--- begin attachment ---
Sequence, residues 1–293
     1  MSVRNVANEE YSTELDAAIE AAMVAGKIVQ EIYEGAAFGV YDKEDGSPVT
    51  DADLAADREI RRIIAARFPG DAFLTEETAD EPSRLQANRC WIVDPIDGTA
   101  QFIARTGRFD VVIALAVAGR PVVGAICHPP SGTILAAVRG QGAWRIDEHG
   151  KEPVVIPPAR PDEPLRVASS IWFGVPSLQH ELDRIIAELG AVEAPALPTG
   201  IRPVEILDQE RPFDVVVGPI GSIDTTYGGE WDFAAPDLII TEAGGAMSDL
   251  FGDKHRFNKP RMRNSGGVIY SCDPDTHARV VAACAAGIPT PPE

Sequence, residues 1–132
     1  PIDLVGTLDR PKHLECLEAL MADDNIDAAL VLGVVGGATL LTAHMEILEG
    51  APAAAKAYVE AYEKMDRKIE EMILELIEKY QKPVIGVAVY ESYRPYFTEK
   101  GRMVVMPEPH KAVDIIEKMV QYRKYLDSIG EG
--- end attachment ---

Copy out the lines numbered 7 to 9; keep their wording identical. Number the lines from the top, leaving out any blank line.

   251  FGDKHRFNKP RMRNSGGVIY SCDPDTHARV VAACAAGIPT PPE

Sequence, residues 1–132
     1  PIDLVGTLDR PKHLECLEAL MADDNIDAAL VLGVVGGATL LTAHMEILEG